By John A. Charles, Jr.
The U.S. Department of Transportation announced last week that Portland is one of seven cities still in the running for a $50 million grant as part of DOT’s “Smart Cities” challenge. Portland is proposing to build “smarter streets” that talk to self-driving cars and to develop an app that will decrease reliance on private automobiles.
This is not a joke, and it’s not another episode of Portlandia. There are actually federal bureaucrats who think that putting sensors in streets to talk with computerized cars is important, and that Portland is capable of running such a system.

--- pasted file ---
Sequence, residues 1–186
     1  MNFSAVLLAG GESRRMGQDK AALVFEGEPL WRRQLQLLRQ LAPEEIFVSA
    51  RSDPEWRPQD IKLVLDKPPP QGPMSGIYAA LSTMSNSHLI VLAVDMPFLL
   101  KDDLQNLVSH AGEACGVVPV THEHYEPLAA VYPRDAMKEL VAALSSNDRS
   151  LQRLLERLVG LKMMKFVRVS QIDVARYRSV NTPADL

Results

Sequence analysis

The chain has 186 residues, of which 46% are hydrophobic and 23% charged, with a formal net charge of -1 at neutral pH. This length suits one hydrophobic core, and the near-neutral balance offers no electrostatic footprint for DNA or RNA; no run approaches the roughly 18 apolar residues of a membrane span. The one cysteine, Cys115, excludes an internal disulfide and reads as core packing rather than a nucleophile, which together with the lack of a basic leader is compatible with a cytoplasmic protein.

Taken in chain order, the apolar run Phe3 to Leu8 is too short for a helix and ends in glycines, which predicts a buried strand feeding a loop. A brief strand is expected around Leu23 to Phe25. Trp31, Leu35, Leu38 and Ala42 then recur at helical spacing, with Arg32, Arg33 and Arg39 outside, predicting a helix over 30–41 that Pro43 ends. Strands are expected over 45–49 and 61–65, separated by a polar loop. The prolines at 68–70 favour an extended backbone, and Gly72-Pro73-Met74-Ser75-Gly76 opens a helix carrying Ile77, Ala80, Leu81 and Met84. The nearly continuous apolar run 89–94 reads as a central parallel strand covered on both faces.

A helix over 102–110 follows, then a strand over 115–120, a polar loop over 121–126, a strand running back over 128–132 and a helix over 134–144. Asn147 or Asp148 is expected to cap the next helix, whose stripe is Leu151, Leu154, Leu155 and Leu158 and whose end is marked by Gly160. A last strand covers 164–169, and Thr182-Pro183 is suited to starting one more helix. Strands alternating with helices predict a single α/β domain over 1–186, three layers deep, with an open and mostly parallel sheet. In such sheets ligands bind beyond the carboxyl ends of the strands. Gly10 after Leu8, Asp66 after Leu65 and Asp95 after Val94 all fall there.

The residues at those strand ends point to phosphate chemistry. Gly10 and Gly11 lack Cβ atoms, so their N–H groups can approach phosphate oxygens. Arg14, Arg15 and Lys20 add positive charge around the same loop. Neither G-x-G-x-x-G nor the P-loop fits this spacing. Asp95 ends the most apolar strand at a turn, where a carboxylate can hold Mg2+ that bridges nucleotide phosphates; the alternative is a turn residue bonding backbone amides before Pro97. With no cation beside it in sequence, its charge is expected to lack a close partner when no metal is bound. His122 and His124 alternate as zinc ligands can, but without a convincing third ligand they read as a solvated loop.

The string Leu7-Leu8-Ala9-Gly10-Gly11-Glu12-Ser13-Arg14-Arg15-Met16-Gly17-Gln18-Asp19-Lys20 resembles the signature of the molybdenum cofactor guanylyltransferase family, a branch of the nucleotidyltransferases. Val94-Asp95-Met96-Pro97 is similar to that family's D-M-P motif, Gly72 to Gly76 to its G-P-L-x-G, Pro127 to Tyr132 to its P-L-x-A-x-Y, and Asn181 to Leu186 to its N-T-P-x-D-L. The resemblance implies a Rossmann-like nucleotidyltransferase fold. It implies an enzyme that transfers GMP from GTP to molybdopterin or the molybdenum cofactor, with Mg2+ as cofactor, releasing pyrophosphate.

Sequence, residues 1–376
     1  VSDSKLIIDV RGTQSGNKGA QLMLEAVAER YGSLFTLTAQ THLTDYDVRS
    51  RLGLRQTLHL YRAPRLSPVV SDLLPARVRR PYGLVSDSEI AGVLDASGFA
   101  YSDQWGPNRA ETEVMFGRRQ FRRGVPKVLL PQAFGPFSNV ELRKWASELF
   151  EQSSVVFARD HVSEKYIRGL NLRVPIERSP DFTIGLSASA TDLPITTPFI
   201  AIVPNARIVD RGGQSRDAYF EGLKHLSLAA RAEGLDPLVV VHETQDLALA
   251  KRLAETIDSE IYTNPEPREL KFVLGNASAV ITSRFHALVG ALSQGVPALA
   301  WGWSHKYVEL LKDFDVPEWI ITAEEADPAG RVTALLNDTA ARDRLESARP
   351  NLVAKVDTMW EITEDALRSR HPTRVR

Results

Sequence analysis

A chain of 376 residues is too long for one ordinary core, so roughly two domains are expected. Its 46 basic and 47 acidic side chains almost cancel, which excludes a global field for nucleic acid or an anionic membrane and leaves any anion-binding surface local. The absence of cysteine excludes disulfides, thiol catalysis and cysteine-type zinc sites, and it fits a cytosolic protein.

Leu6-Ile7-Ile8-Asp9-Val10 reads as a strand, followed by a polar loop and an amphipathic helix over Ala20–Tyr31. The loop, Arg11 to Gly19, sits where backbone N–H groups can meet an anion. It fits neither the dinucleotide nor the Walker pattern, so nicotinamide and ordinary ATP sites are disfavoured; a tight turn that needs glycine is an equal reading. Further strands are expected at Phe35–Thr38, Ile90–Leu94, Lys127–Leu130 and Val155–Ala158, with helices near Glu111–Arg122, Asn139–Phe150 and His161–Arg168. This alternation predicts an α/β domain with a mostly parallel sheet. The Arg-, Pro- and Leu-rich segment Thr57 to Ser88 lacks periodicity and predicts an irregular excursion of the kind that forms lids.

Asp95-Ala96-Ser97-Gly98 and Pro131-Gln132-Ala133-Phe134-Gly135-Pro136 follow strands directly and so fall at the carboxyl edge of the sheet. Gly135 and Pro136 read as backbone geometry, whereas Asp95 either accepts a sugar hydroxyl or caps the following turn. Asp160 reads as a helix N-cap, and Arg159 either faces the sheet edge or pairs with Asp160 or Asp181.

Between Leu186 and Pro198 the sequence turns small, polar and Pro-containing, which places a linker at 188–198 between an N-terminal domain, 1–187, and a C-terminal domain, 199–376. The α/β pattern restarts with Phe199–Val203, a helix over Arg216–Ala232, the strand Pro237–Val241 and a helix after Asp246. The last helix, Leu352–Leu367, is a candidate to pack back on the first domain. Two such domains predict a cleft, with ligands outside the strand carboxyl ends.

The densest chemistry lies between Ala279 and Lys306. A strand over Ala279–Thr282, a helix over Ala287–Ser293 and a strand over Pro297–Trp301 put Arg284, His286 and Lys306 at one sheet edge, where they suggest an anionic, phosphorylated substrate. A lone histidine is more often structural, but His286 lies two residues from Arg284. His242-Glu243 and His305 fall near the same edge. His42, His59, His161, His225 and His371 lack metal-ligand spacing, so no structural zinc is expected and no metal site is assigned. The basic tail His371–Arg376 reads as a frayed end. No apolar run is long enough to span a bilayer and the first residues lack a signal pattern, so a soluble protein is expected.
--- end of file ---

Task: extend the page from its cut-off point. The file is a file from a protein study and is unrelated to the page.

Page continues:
Apparently, they are unaware that Portland’s street system is so run down that the city could be the film location for a Mad Max movie.
And given the region’s obsession with 19th century street cars that move slower than pedestrians, why would anyone think Portland is capable of being a national leader in 21st century roads?
This is a city that tried to prevent car-sharing companies such as Uber and Lyft from legally operating here last year. No fancy street sensors were required; the necessary smart phones were already in the hands of potential customers. All the City Council needed to do was get out of the way, and even that was too complicated for them.
We should let Google worry about autonomous cars. Portland should stick to something simple, like filling potholes.
John A. Charles, Jr. is President and CEO of Cascade Policy Institute, Oregon’s free market public policy research organization.